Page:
On November 28, 2013 "The Hot and Energetic Universe" was selected as the theme for ESA's next major scientific satellite mission (called L2). In response to the call for mission concepts on this topic in January 2014, the revised proposal for the X-ray observatory ATHENA (Advanced Telescope for High-ENergy Astrophysics) was handed over to ESA on April 10, 2014 and later successfully selected.
The framework conditions for the proposed ATHENA mission are as follows:
ATHENA is a Wolter X-ray telescope with a focal length of approx. 12 m, an effective area of about 1.2 m2 (at 1 keV) and an angular resolution of about 5 arc seconds (axial). Two scientific instruments are planned (the mirror is tilted towards the active instrument): a Wide Field Imager (WFI) with a large field of view (approx. 40 x 40 arc minutes), high spatial and good spectral resolution and high counting rate capacity, and a Transition Edge Sensor-based X-ray Integral Field Unit (X-IFU) with very high spectral resolution and a smaller field of view.
It is scheduled to be launched in 2030.
ATHENA will replace the current telescope generation (XMM-Newton, Chandra) and will then be the most sensitive X-ray telescope in the world. The task is to observe the sky in the energy range of 200 eV to 15 keV and to contribute to the elucidation of the questions "How has matter come together in the visible structures of the universe today" and "How do black holes grow and how do they influence the universe?"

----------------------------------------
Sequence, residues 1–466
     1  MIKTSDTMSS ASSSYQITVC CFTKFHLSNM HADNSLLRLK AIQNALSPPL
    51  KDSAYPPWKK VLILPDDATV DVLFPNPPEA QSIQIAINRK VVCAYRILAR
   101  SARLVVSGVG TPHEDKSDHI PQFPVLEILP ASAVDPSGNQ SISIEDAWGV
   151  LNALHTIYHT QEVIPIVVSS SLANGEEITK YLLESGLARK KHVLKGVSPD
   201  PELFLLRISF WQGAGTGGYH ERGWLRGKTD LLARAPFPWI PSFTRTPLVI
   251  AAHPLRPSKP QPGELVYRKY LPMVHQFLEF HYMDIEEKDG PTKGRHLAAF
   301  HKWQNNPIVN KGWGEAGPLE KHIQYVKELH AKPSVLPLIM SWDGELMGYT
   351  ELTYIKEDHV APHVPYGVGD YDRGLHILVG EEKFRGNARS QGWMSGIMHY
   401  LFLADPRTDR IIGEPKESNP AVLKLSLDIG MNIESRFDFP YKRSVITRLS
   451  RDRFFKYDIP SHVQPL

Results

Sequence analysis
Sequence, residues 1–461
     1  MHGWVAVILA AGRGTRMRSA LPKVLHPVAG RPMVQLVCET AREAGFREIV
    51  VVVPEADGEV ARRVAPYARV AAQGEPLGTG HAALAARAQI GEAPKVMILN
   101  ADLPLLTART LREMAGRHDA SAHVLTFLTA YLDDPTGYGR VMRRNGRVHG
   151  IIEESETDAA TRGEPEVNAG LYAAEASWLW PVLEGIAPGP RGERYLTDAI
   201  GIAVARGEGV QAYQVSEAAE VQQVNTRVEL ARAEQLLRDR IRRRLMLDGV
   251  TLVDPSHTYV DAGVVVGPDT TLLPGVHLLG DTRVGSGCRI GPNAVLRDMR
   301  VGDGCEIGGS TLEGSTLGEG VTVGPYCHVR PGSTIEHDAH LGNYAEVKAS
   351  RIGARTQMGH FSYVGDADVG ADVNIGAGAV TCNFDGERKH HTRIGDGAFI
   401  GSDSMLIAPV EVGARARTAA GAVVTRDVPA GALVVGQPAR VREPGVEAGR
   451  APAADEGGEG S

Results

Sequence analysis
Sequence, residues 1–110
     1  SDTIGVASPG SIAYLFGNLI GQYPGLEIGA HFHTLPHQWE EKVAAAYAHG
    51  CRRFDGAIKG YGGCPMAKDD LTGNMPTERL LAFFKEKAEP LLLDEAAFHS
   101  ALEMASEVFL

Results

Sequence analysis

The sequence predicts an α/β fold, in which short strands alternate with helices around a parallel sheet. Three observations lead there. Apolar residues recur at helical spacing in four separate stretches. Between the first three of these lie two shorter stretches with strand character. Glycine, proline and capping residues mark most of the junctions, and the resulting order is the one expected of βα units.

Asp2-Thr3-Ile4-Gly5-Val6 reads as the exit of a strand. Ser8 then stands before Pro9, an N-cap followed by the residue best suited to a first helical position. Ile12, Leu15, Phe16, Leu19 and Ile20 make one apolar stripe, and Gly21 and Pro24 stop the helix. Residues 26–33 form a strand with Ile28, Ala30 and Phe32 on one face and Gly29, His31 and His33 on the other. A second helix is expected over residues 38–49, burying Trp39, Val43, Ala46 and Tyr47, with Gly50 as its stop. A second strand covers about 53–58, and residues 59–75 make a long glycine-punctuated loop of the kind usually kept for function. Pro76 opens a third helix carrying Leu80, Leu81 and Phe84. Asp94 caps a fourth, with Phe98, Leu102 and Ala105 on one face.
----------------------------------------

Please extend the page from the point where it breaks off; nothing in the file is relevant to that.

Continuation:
A central object of research is the formation and evolution of galaxy groups and clusters in the universe, investigating the feedback effect of active galactic nuclei and the chemical development of hot baryons. Another current topic that ATHENA will make easy to follow due to its high sensitivity is the growth of black holes on all size scales.
ATHENA will above all be a very versatile instrument and available to a very broad research community, so that scientific topics from many areas of astrophysics can be addressed.
Last Update 08/2018: Joachim Zinßer, Inga Saathoff, Chris Tenzer